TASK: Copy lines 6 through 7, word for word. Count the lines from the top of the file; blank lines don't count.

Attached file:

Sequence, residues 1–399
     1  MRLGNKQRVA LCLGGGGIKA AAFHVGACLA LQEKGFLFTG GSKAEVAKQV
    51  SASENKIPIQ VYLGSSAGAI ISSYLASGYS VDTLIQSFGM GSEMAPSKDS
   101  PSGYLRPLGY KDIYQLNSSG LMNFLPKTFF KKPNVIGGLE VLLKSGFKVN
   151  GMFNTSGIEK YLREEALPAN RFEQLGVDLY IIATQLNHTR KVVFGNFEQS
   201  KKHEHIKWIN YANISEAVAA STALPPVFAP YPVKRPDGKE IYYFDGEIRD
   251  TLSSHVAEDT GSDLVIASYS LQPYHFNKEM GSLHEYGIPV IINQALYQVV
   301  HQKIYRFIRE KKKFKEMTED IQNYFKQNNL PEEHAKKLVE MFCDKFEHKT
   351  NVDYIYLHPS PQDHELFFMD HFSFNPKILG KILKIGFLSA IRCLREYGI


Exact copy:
   201  KKHEHIKWIN YANISEAVAA STALPPVFAP YPVKRPDGKE IYYFDGEIRD
   251  TLSSHVAEDT GSDLVIASYS LQPYHFNKEM GSLHEYGIPV IINQALYQVV